24. Mushroom  Cloud,  Nagasaki,  August  9,  1945.  

  25. Louis  Severance’s  Bomb  Shelter,  Akron,  Ohio,  c.  1955.  

  26. “Atomic”  Design  in  the  1950s.  

  27. The  Cold  War  

  28. “The  main  premises  of  Western  painBng  have  at  last  migrated

     to  the   United  States,  along  with  the  center  of  gravity  of  industrial  power.”     -­‐-­‐Clement  Greenberg   “[New  York]  stole  the  idea  of  Modern  Art.”    -­‐-­‐Serge  Guilbault   Paris   New  York  
  29. Nixon  and  Krushchev’s  “Kitchen  Debate,”  1959.   Nixon:  “There  are

     some  instances  where  you  may  be   ahead  of  us,  for  example  in  the  thrust  of  your   rockets  for  the  invesBgaBon  of  outer  space.  And   there  may  be  instances,  for  example  color   television,  where  we  are  ahead  of  you...”   Nixon:  “American  houses  last  for  more  than  20  years,  but,   even  so,  a]er  twenty  years,  many  Americans  want  a  new   house  or  a  new  kitchen.  Their  kitchen  is  obsolete  by  that   Bme....The  American  system  is  designed  to  take  advantage  of   new  invenBons  and  new  techniques.”    
  30. Levigown,  Pennsylvania—The  first  “suburb”   57%  of  the  world’s  steel

      80%  of  the  world’s  automobiles   1950’s  Gross  NaBonal  Product:  284  billion  
  31. American  Dream  Home,  Indiana  Coal  and  Lumber  Company,   1950.

     
  32. Bill  Owens,  from  the  photo  essay  Suburbia,  1972.  

  33. “Can’t  Stop  Cooking!”  BeOer  Homes  and  Gardens,  c.  1959  

  34. Television  in  the  American  Home,  c.  1955   By  1960,

     87%  of  American  homes  had  at  least  one   television.   In  1962,  Time  esBmated  that  Americans  were   exposed  to  1,600  ads  each  day  
  35. The  Independent  Group,  London,  c.  1956.  

  36. Richard  Hamilton,   Just  What  is  it  that   Makes

     Today’s   Homes  So  Different,   So  Appealing?  1956.                           Charles  Atlas:   “Adam”                 Stripper:  “Eve”   Archetypes  
  37. Richard  Hamilton,  Just  What  is  it  that  Makes  Today’s  

    Homes  So  Different,  So  Appealing?  1956.   Prepackaged,  consumable  “meat”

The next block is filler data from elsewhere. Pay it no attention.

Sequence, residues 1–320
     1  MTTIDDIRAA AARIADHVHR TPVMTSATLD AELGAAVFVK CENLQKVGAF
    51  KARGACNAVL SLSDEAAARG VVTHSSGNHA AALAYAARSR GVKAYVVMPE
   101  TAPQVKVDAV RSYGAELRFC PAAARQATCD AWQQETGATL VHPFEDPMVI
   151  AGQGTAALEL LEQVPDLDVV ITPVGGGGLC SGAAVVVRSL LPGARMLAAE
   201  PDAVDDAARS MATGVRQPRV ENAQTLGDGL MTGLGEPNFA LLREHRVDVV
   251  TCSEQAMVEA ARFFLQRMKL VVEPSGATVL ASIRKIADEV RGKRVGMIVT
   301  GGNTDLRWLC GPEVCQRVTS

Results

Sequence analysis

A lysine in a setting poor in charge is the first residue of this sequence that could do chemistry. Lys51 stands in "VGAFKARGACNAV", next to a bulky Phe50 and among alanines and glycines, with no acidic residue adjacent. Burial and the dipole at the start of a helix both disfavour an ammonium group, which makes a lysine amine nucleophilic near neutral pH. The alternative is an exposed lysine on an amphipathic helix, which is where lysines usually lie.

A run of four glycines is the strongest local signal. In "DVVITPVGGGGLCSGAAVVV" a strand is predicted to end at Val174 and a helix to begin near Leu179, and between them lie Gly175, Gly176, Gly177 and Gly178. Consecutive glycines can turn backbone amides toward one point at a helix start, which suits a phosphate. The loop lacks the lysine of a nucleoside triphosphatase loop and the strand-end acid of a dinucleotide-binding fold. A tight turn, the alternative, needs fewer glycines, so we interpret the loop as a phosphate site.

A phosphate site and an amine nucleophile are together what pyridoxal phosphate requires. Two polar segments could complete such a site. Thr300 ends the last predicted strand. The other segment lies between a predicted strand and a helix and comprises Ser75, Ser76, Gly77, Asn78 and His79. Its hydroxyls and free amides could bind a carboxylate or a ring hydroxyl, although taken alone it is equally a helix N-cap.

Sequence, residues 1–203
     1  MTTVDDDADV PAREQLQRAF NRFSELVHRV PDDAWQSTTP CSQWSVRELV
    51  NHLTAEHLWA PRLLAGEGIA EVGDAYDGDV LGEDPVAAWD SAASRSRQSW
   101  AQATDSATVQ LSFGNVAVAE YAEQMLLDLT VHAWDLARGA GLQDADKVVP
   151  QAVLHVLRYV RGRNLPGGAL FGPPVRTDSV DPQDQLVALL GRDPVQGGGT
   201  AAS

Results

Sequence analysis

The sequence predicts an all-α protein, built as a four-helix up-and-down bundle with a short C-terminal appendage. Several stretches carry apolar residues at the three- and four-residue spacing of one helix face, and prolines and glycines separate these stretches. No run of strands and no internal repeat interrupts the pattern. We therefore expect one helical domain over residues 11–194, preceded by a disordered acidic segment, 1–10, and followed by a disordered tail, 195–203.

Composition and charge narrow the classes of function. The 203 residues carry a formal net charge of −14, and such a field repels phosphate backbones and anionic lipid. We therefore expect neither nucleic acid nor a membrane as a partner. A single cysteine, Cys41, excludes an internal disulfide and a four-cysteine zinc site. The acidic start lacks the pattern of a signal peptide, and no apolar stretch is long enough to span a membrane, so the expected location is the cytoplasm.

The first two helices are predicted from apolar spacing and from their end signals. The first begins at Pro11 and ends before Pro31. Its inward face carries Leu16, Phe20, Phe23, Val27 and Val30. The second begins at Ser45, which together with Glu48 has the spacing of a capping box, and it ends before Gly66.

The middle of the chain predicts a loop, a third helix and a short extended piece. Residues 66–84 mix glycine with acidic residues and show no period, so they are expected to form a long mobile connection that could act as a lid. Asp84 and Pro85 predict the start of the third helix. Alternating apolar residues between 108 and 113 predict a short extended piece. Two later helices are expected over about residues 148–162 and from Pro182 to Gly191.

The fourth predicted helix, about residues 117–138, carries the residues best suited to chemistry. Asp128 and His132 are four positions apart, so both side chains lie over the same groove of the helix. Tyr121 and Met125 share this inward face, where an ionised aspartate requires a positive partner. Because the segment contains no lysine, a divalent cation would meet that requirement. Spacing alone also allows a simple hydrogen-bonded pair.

38. Richard  Hamilton,  Just  What  is  it  that  Makes  Today’s  

    Homes  So  Different,  So  Appealing?  1956.  
  39. Richard  Hamilton,  Just  What  is  it  that  Makes  Today’s  

    Homes  So  Different,  So  Appealing?  1956.                     John  Ruskin   “Art  is  not  a  study  of  posiBve   reality,  it  is  the  seeking  for  ideal   truth.”  –John  Ruskin  
  40. Richard  Hamilton,  Just  What  is  it  that  Makes  Today’s  

    Homes  So  Different,  So  Appealing?  1956.   From  Weegee’s    Naked  City  series  
  41. Richard  Hamilton,  Just  What  is  it  that  Makes  Today’s  

    Homes  So  Different,  So  Appealing?  1956.   Al  Jolson’s  The  Jazz  Singer:  the  first  “Talkie”  
  42. Richard  Hamilton,  Just  What  is  it  that  Makes  Today’s  

    Homes  So  Different,  So  Appealing?  1956.   Forbidden  Planet  was  released  the  same   year  
  43. Richard  Hamilton,   Just  What  is  it  that   Makes

     Today’s   Homes  So  Different,   So  Appealing?  1956.           Reel-­‐to-­‐Reel         Television   Mass  Media         Newspaper  
  44. Richard  Hamilton,  Just  What  is  it  that  Makes  Today’s  

    Homes  So  Different,  So  Appealing?  1956.    Popular      Transient      Expendable      Low-­‐cost      Mass-­‐produced      Young      Wigy      Gimmicky      Glamorous      Big  Business  
  45. Andy  Warhol,  210  Coca  Cola  Bogles,  1962.   “What’s  great

     about  this  country  is  that  America  started   the  tradiBon  where  the  richest  consumers  buy  essenBally   the  same  thing  as  the  poorest.    You  can  be  watching  TV  and   see  Coca-­‐Cola,  and  you  can  know  that  the  President  drinks   Coke,  Liz  Taylor  drinks  Coke,  and  just  think,  you  can  drink   Coke,  too.    A  Coke  is  a  Coke  and  no  amount  of  money  can   get  you  a  beger  Coke.”    
  46. Andy  Warhol’s  “Silver  Factory,”  Soho.  

  47. Andy  Warhol’s  “Silver  Factory,”  Soho.  

  48. Andy  Warhol’s  “Silver  Factory,”  Soho.  

  49. Andy  Warhol’s  “Silver  Factory,”  Soho.  

  50. Andy  Warhol,  Marilyn  Diptych,  1962.   “When  you  see  a

     gruesome  picture  over  and   over  again,  it  doesn’t  really  have  any  effect.”     “I  think  it  would  be  so  great  if  more  people  took  up  silk   screens  so  that  no  one  would  know  whether  my  picture  was   mine  or  somebody  else’s.”    
  51. Andy  Warhol,  Marilyn  Diptych,  1962.  

  52. Andy  Warhol,  Marilyn  Diptych,  1962.  

  53. Andy  Warhol,  Marilyn  Diptych,  1962.   “I  never  understood  why

     when  you  died,  you  didn't  just   vanish,  everything  could  just  keep  going  on  the  way  it  was   only  you  just  wouldn't  be  there.  I  always  thought  I'd  like  my   own  tombstone  to  be  blank.  No  epitaph,  and  no  name.  Well,   actually,  I'd  like  it  to  say  'figment.'”    
  54. Cult  of  Fame   “I  love  Los  Angeles.  I  love

      Hollywood.  They're  beauBful.   Everybody's  plasBc,  but  I  love   plasBc.  I  want  to  be  plasBc.”        -­‐-­‐-­‐   “My  idea  of  a  good  picture  is  one   that's  in  focus  and  of  a  famous   person.”      -­‐-­‐-­‐   “In  the  Future,  everyone  will  be   famous  for  15  minutes.”      -­‐-­‐-­‐   “It  would  be  very  glamorous  to   be  reincarnated  as  a  great  big   ring  on  Liz  Taylor's  finger.”    
  55. Cult  of  Fame